Advertisement

Influence of morphine sulfate on the halothane sparing effect of xylazine hydrochloride in horses

Rachel C. Bennett MA, Vet MB1,2, Cynthia Kollias-Baker DVM, PhD3,4, Eugene P. Steffey VMD, PhD5, and Richard Sams PhD6
View More View Less
  • 1 Department of Surgical and Radiological Sciences, School of Veterinary Medicine, University of California, Davis, CA 95616.
  • | 2 Present address is The Queen's Veterinary School Hospital, Department of Clinical Veterinary Medicine, University of Cambridge, Cambridge CB3 0ES, UK.
  • | 3 KL Maddy Equine Analytical Chemistry Laboratory, School of Veterinary Medicine, University of California, Davis, CA 95616.
  • | 4 Present address is Racing Laboratory, College of Veterinary Medicine, University of Florida, Gainesville, FL 32610.
  • | 5 Department of Surgical and Radiological Sciences, School of Veterinary Medicine, University of California, Davis, CA 95616.
  • | 6 Analytical Toxicology Laboratory, The Ohio State University, Columbus, OH 43210.

Abstract

Objective—To quantitate the dose and time-related effects of morphine sulfate on the anesthetic sparing effect of xylazine hydrochloride in halothane-anesthetized horses and determine the associated plasma xylazine and morphine concentration-time profiles.

Animals—6 healthy adult horses.

Procedure—Horses were anesthetized 3 times to determine the minimum alveolar concentration (MAC) of halothane in O2 and characterize the anesthetic sparing effect (ie, decrease in MAC of halothane) by xylazine (0.5 mg/kg, IV) administration followed immediately by IV administration of saline (0.9% NaCl) solution, low-dose morphine (0.1 mg/kg), or high-dose morphine (0.2 mg/kg). Selected parameters of cardiopulmonary function were also determined over time to verify consistency of conditions.

Results—Mean (± SEM) MAC of halothane was 1.05 ± 0.02% and was decreased by 20.1 ± 6.6% at 49 ± 2 minutes following xylazine administration. The amount of MAC reduction in response to xylazine was time dependent. Addition of morphine to xylazine administration did not contribute further to the xylazine-induced decrease in MAC (reductions of 21.9 ± 1.2 and 20.7 ± 1.5% at 43 ± 4 and 40 ± 4 minutes following xylazine-morphine treatments for low-and high-dose morphine, respectively). Overall, cardiovascular and respiratory values varied little among treatments. Kinetic parameters describing plasma concentration-time curves for xylazine were not altered by the concurrent administration of morphine.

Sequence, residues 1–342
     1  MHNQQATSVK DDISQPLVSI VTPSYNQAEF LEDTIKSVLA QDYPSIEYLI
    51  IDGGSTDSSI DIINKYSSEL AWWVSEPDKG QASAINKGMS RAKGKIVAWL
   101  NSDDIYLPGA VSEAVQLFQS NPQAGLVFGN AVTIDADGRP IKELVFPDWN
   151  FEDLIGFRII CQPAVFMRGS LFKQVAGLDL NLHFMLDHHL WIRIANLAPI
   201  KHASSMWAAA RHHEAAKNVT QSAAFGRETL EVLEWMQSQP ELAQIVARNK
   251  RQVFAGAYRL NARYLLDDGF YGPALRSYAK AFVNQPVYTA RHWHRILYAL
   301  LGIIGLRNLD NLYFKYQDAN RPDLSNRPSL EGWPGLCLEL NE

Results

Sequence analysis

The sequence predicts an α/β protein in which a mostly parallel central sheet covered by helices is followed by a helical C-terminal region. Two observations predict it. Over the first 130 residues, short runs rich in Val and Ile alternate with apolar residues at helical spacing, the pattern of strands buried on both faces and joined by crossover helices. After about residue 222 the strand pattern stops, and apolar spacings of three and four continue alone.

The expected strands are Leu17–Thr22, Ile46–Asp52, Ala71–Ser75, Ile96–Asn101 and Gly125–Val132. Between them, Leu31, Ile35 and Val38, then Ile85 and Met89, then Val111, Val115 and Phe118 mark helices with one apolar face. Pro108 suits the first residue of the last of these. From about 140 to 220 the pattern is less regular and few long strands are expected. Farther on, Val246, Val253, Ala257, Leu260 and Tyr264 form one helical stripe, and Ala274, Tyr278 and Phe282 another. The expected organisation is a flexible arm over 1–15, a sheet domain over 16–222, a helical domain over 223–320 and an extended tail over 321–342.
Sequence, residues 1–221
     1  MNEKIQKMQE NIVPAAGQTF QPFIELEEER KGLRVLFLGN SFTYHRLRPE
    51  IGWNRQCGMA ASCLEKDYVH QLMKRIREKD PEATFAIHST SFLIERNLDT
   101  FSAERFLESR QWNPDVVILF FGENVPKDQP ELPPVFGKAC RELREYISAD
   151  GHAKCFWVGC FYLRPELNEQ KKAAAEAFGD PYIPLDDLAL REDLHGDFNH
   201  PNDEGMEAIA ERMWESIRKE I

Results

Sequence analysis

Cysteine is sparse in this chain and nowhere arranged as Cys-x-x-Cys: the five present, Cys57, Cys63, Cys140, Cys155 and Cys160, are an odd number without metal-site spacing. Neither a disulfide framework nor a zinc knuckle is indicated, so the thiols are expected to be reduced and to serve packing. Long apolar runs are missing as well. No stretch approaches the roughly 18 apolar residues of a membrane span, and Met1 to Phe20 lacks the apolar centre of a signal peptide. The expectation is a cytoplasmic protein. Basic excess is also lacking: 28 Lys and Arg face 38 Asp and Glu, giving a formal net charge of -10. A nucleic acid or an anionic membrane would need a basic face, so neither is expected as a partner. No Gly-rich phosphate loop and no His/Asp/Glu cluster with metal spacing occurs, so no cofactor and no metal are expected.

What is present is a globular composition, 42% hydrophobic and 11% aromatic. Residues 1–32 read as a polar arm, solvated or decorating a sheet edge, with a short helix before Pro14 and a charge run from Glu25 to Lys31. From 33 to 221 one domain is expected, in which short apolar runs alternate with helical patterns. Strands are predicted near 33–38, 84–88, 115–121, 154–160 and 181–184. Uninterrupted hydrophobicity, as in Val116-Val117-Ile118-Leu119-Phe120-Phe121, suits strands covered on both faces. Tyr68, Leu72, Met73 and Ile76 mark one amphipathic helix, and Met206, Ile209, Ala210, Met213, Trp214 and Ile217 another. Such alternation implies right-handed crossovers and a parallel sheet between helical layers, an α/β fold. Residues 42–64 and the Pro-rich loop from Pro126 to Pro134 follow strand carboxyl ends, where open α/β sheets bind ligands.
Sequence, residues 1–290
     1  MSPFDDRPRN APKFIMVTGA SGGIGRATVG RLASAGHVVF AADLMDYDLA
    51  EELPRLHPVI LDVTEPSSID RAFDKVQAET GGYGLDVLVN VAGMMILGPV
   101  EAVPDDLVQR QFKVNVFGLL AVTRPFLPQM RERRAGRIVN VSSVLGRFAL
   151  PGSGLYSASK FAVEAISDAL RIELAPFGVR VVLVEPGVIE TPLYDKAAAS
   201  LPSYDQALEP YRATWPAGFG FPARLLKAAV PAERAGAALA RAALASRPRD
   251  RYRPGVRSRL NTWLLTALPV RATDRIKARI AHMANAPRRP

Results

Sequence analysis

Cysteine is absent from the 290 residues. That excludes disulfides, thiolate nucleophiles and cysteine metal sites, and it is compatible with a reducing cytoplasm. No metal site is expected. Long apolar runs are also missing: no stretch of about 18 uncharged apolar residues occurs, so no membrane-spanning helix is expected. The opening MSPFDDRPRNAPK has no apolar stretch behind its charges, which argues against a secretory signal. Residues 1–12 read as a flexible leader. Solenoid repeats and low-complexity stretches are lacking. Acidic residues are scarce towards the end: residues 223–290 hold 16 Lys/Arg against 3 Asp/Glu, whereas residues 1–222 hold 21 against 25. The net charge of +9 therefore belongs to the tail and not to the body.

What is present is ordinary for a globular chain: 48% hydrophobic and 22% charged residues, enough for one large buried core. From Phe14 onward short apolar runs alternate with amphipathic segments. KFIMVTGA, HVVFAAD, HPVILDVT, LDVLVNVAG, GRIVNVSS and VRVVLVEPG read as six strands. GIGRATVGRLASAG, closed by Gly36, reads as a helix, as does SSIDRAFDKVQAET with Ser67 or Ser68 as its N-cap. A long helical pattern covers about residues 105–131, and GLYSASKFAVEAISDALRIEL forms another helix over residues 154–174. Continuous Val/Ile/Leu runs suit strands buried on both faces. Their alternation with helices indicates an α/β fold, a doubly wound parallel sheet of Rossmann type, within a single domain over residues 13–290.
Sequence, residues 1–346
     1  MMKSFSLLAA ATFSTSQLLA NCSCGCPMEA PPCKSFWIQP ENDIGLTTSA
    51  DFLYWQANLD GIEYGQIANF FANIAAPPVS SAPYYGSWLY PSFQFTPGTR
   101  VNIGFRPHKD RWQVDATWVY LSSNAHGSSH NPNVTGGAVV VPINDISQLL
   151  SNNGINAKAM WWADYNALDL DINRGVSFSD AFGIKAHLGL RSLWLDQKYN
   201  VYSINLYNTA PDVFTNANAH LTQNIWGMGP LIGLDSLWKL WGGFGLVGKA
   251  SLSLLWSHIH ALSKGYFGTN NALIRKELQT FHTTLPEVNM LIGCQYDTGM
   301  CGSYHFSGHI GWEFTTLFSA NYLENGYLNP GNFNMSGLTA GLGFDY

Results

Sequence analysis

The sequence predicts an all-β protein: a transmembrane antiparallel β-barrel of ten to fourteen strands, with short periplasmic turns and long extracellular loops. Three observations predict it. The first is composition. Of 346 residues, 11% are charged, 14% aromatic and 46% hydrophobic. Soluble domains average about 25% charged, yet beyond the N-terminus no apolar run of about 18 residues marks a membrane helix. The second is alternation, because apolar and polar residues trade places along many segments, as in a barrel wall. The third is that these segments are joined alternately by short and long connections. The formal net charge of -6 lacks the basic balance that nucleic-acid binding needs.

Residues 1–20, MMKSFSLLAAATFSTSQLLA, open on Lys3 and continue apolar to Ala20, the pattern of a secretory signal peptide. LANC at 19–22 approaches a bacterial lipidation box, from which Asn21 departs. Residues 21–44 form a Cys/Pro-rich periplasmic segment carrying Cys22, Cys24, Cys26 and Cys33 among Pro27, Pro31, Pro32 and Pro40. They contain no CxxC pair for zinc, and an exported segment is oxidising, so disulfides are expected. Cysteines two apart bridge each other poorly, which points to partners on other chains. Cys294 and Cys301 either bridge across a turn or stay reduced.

Conclusions and Clinical Relevance—Administration of xylazine decreases the anesthetic requirement for halothane in horses. Concurrent morphine administration to anesthetized horses does not alter the anesthetic sparing effect of xylazine or its plasma concentration-time profile. (Am J Vet Res 2004; 65:519–526)

Abstract

Objective—To quantitate the dose and time-related effects of morphine sulfate on the anesthetic sparing effect of xylazine hydrochloride in halothane-anesthetized horses and determine the associated plasma xylazine and morphine concentration-time profiles.

Animals—6 healthy adult horses.

Procedure—Horses were anesthetized 3 times to determine the minimum alveolar concentration (MAC) of halothane in O2 and characterize the anesthetic sparing effect (ie, decrease in MAC of halothane) by xylazine (0.5 mg/kg, IV) administration followed immediately by IV administration of saline (0.9% NaCl) solution, low-dose morphine (0.1 mg/kg), or high-dose morphine (0.2 mg/kg). Selected parameters of cardiopulmonary function were also determined over time to verify consistency of conditions.

Results—Mean (± SEM) MAC of halothane was 1.05 ± 0.02% and was decreased by 20.1 ± 6.6% at 49 ± 2 minutes following xylazine administration. The amount of MAC reduction in response to xylazine was time dependent. Addition of morphine to xylazine administration did not contribute further to the xylazine-induced decrease in MAC (reductions of 21.9 ± 1.2 and 20.7 ± 1.5% at 43 ± 4 and 40 ± 4 minutes following xylazine-morphine treatments for low-and high-dose morphine, respectively). Overall, cardiovascular and respiratory values varied little among treatments. Kinetic parameters describing plasma concentration-time curves for xylazine were not altered by the concurrent administration of morphine.

Conclusions and Clinical Relevance—Administration of xylazine decreases the anesthetic requirement for halothane in horses. Concurrent morphine administration to anesthetized horses does not alter the anesthetic sparing effect of xylazine or its plasma concentration-time profile. (Am J Vet Res 2004; 65:519–526)